A final and unplanned data collection procedure involved conducting follow up telephone interviews and re-mailing questionnaires to fill in missing data. This was particularly necessary for those subjects who participated during the first year of data collection prior to the change of project director/principal investigator and the re-conceptualization of the study to incorporate the life course perspective. During this phase, which lasted about six months, approximately 100 participants were re-interviewed to obtain more accurate information ion their history of disability and their experience of later-life effects or secondary conditions.
From Page 31 of the full report:
Two sets of variables derived from this assessment are utilized in the Results section of this report. The first, represents within and between sample differences in the temporal structure of disability and includes: Age at Acute Onset, Length of Initial Hospitalization and Recovery Period (for Polio); Age at Period of Physical Best (For Polio); Length of Initial Hospitalization and Duration of In-Patient and Out-Patient Rehabilitation (for Stroke; Age at Onset of New Symptoms and Functional Decline/PPS (for Polio; and Current Chronological Age at T.O.M. The second set consists of additional measures of impairment and disability, and was used to fill in gaps in the medical history information. Specific variables in this category include: Severity of Initial Impairment, as measured by the number of body areas effected and the degree of muscle weakness or paralysis (both Polio and Stroke); Presence/Absence of Initial Respiratory Involvement (for Polio); Severity of Residual Impairment, measured at time of physical best for Polio and T.O.M. for Stroke; and, Type of Rehabilitation Received (e.g., Sister Kenny for Polio and physical, occupation, and/or speech therapy for Stroke. Information contained in the Social History Evaluation on the impacts of disability on work and family careers has yet to be coded and analyzed.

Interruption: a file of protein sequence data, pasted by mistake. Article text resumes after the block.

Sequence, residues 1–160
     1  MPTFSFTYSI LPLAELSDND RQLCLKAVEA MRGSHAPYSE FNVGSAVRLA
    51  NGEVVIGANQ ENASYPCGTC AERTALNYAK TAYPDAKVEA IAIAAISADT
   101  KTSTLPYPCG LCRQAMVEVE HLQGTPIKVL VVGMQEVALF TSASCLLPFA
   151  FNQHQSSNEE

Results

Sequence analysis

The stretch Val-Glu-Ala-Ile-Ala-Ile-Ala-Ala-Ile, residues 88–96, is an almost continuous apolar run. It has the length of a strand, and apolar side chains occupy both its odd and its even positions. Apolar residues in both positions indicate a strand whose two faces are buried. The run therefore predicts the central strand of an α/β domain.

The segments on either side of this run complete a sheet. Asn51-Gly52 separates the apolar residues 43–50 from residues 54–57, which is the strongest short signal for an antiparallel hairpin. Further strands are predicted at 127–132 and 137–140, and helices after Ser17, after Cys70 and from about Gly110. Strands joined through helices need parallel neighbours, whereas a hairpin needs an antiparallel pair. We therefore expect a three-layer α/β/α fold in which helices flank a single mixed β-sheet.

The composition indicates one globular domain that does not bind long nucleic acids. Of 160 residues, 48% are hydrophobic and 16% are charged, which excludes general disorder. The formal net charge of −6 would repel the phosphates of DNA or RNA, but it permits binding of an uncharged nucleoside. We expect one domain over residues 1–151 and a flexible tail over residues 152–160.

Bone Density Screening for Osteoporosis. This assessment involved scanning two areas of the body, the hip and lumbar spine, using Dual Energy X-ray Absorptometry and a Hologic QDR 1000W machine. This methodology calculates the Anterior-Posterior (AP) bone mineral density, or BMD, for each body area scanned, which is equal to the total bone mass measured in grams divided by the squared cubic millimeter of area scanned. To create a measure of the risk of fracture due to osteoporosis, the MBD score for each region of the hip and spine is converted into a percentage of bone mineral loss. This is done by comparing the observed BMD values to normative data for "healthy" young individuals of the same sex and race/ethnicity. Because of the greater risks of osteoporosis for women, only data from female polio survivors and non-disabled controls are presented in this report. To control for the effects of disability-related osteoporosis within the Polio sample in all but three cases the hip used in the bone density scan was affected by polio at acute onset. The three exceptions include two women with no lower extremity involvement, and one where the unaffected hip was mistakenly scanned.